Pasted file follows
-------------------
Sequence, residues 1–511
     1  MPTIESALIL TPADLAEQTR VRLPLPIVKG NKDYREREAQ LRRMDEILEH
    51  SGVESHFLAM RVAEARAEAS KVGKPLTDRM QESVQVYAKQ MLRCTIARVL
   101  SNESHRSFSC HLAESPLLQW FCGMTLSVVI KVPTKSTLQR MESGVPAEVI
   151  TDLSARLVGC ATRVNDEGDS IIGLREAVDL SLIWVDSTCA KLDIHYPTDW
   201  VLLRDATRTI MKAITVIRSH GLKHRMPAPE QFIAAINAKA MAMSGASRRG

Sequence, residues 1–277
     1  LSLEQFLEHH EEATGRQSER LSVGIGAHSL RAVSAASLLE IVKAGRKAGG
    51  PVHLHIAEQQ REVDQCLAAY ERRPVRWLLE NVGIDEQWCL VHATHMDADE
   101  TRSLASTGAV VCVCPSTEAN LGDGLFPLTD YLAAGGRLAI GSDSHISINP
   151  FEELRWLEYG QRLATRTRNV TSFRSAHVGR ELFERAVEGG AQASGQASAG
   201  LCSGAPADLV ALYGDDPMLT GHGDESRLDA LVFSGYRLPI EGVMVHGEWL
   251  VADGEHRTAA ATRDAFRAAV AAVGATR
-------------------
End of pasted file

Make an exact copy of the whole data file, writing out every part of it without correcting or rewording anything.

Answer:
Sequence, residues 1–511
     1  MPTIESALIL TPADLAEQTR VRLPLPIVKG NKDYREREAQ LRRMDEILEH
    51  SGVESHFLAM RVAEARAEAS KVGKPLTDRM QESVQVYAKQ MLRCTIARVL
   101  SNESHRSFSC HLAESPLLQW FCGMTLSVVI KVPTKSTLQR MESGVPAEVI
   151  TDLSARLVGC ATRVNDEGDS IIGLREAVDL SLIWVDSTCA KLDIHYPTDW
   201  VLLRDATRTI MKAITVIRSH GLKHRMPAPE QFIAAINAKA MAMSGASRRG

Sequence, residues 1–277
     1  LSLEQFLEHH EEATGRQSER LSVGIGAHSL RAVSAASLLE IVKAGRKAGG
    51  PVHLHIAEQQ REVDQCLAAY ERRPVRWLLE NVGIDEQWCL VHATHMDADE
   101  TRSLASTGAV VCVCPSTEAN LGDGLFPLTD YLAAGGRLAI GSDSHISINP
   151  FEELRWLEYG QRLATRTRNV TSFRSAHVGR ELFERAVEGG AQASGQASAG
   201  LCSGAPADLV ALYGDDPMLT GHGDESRLDA LVFSGYRLPI EGVMVHGEWL
   251  VADGEHRTAA ATRDAFRAAV AAVGATR